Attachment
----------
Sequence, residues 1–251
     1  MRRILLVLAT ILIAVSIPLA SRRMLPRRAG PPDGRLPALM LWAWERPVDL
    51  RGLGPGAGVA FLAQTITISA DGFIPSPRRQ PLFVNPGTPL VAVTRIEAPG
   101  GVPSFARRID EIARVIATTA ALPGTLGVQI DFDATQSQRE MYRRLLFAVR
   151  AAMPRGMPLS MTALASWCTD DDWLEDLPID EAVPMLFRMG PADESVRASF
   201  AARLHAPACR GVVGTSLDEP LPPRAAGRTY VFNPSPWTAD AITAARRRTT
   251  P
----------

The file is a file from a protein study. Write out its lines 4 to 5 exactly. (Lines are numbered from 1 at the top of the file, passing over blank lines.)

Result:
   101  GVPSFARRID EIARVIATTA ALPGTLGVQI DFDATQSQRE MYRRLLFAVR
   151  AAMPRGMPLS MTALASWCTD DDWLEDLPID EAVPMLFRMG PADESVRASF